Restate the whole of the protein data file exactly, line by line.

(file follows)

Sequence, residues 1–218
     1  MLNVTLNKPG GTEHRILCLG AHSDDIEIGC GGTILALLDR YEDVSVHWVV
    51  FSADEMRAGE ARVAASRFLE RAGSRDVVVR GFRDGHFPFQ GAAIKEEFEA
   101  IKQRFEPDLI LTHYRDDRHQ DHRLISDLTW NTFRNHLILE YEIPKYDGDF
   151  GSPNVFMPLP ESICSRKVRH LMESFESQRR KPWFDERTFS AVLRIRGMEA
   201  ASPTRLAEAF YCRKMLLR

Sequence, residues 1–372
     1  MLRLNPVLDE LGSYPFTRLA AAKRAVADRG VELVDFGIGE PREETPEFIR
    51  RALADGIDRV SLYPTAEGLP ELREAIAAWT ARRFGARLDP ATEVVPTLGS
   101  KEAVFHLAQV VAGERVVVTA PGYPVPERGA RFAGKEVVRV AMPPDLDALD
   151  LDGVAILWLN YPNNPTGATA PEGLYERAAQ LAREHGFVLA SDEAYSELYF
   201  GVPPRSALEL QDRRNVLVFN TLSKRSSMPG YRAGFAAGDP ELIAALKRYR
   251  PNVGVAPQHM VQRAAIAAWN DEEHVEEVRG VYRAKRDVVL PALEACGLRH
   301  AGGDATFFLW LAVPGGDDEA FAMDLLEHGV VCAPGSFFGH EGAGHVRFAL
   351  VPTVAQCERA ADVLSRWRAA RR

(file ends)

Sequence, residues 1–218
     1  MLNVTLNKPG GTEHRILCLG AHSDDIEIGC GGTILALLDR YEDVSVHWVV
    51  FSADEMRAGE ARVAASRFLE RAGSRDVVVR GFRDGHFPFQ GAAIKEEFEA
   101  IKQRFEPDLI LTHYRDDRHQ DHRLISDLTW NTFRNHLILE YEIPKYDGDF
   151  GSPNVFMPLP ESICSRKVRH LMESFESQRR KPWFDERTFS AVLRIRGMEA
   201  ASPTRLAEAF YCRKMLLR

Sequence, residues 1–372
     1  MLRLNPVLDE LGSYPFTRLA AAKRAVADRG VELVDFGIGE PREETPEFIR
    51  RALADGIDRV SLYPTAEGLP ELREAIAAWT ARRFGARLDP ATEVVPTLGS
   101  KEAVFHLAQV VAGERVVVTA PGYPVPERGA RFAGKEVVRV AMPPDLDALD
   151  LDGVAILWLN YPNNPTGATA PEGLYERAAQ LAREHGFVLA SDEAYSELYF
   201  GVPPRSALEL QDRRNVLVFN TLSKRSSMPG YRAGFAAGDP ELIAALKRYR
   251  PNVGVAPQHM VQRAAIAAWN DEEHVEEVRG VYRAKRDVVL PALEACGLRH
   301  AGGDATFFLW LAVPGGDDEA FAMDLLEHGV VCAPGSFFGH EGAGHVRFAL
   351  VPTVAQCERA ADVLSRWRAA RR